Tuesday, November 07, 2006

Spinal Privacy

There is an interesting article in the Guardian today. I suggest you read it. It refers to the security (or otherwise) of the NHS spine, the computer system which is being built to house the medical records of all UK residents.
And therein lies the problem.

Given the Governments track-record on IT projects, given the fact that you can either have a functional or secure system (but for a project this size probably not both) the question you have to ask is:

"Do I really want my personal and confidential details available to any of the 250,000 staff in the NHS who have currently been given smart cards? Oh, and the police, security services, and anyone else who might have the technical skills to hack in or money to buy information from the spine?"

Speaking as a medical professional, I don't.

The Governments constant mantra of reassurance and complacent murmurings that security will be adequate completely fail to make me feel better about the scheme.

For a start, you won't have a choice about whether to be involved or not unless you opt out right at the beginning. Once your info is on the spine, its there in perpetuity (and lets not even start talking about civil liberties and the Data Protection Act).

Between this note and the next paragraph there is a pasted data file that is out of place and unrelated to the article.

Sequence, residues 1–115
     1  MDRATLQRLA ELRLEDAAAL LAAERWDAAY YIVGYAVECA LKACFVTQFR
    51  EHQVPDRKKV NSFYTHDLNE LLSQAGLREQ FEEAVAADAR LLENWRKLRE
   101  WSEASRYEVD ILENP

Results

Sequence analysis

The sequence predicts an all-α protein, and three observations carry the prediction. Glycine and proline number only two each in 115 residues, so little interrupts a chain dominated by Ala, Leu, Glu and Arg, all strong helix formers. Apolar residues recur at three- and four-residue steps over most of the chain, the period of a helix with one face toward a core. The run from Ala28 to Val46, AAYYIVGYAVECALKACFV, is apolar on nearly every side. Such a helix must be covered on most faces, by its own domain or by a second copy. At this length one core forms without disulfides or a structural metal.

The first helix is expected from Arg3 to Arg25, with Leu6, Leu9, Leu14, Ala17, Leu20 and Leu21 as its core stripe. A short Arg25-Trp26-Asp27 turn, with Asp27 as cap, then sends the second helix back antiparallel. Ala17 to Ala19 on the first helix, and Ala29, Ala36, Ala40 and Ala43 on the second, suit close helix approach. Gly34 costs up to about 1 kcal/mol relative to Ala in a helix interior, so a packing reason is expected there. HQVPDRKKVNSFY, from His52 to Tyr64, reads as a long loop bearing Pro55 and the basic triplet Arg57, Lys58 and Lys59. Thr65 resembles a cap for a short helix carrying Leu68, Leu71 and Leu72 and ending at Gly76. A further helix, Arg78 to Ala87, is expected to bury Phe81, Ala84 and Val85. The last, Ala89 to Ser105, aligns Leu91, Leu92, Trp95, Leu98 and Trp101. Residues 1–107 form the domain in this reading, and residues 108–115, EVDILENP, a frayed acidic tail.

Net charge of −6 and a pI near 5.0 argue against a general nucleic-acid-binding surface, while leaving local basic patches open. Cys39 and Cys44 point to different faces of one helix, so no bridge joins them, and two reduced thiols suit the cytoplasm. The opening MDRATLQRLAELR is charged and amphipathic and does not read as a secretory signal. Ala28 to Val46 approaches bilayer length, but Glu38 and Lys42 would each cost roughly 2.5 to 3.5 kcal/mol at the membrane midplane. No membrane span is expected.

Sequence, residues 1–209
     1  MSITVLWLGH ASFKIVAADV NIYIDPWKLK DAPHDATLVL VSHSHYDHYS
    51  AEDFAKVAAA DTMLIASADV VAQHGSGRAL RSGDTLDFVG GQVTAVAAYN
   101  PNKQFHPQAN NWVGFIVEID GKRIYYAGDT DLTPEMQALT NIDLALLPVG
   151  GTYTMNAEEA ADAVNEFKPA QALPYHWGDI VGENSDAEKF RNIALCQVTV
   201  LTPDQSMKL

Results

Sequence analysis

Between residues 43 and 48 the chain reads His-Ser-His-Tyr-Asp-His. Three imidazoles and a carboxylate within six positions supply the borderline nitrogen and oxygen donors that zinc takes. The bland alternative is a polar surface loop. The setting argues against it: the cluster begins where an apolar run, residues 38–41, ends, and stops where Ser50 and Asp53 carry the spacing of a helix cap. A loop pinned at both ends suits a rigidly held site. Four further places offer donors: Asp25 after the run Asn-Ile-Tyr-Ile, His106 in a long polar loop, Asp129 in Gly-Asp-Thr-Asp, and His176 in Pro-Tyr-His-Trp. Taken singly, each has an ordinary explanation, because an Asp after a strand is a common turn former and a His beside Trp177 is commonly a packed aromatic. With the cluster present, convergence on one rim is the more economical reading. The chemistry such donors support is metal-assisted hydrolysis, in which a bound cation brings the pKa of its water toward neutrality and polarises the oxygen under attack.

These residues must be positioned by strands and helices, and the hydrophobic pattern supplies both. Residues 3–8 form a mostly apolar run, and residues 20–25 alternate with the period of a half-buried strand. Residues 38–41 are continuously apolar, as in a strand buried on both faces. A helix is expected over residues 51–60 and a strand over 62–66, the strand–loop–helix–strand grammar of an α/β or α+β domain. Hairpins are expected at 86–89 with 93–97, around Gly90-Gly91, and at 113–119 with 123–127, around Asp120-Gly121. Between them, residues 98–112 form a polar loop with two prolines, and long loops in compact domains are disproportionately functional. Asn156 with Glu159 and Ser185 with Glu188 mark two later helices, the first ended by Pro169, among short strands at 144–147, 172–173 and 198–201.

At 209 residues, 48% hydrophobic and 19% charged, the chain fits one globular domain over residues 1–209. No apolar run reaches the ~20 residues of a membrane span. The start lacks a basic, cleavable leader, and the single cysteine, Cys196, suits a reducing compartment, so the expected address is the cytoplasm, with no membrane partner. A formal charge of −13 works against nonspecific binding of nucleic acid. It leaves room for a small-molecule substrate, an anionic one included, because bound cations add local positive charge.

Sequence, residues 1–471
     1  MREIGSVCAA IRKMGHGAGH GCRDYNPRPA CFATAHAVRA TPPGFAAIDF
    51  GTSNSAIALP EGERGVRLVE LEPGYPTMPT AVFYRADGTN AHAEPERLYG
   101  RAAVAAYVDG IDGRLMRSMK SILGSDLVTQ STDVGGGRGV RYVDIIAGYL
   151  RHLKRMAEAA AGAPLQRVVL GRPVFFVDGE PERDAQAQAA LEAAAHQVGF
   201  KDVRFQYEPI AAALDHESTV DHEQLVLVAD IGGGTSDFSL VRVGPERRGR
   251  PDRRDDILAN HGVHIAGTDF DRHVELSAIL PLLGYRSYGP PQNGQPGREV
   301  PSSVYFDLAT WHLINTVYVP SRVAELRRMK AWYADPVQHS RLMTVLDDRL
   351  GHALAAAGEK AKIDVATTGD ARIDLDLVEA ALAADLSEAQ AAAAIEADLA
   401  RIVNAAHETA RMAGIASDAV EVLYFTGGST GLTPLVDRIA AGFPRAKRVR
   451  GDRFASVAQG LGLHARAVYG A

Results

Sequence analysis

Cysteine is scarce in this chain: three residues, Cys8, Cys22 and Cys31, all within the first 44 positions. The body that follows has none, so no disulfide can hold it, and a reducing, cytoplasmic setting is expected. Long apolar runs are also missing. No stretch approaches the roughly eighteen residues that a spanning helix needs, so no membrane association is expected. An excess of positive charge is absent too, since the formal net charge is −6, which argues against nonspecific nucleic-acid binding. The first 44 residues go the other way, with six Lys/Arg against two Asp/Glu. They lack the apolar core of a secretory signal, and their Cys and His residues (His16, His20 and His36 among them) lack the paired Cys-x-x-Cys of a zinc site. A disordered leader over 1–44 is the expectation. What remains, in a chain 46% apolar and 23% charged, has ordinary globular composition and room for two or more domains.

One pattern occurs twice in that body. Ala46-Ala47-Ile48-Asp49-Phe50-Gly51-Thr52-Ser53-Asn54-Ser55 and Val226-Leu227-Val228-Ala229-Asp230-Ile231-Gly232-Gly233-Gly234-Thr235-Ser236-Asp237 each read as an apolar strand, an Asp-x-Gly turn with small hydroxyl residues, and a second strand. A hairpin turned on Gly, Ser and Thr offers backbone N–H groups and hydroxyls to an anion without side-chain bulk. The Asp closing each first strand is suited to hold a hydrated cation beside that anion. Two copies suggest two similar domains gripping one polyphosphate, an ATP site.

Sadly, this scheme is just another manifestation of the current Government's inclinations to control us all. There is no safeguard with this. If it is "in the public interest" your records will be viewable by whomsoever the authorities deem. Right now, if the police want me to show them your records, they need to either provide me with your consent (in writing, and even then I usually check with people to make sure they understand what it is they've consented to) or ask a Judge to issue a Court Order (and although it has never happened, I would probably then wish to speak to the Judge myself anyway to clarify what exactly they want to see: it would be most unusual for someone's appendectomy in 1954 to be of any relevance to anything at all, really).

The Guardian also provide a page (here) with a draft letter to the Secretary of State for Health instructing that you don't want your data added to the spine. I will be writing.

The decision whether you should as well is not one I can make for you. But consider carefully before imagining that New Labour will treat your most intimate personal details with the dignity they deserve.

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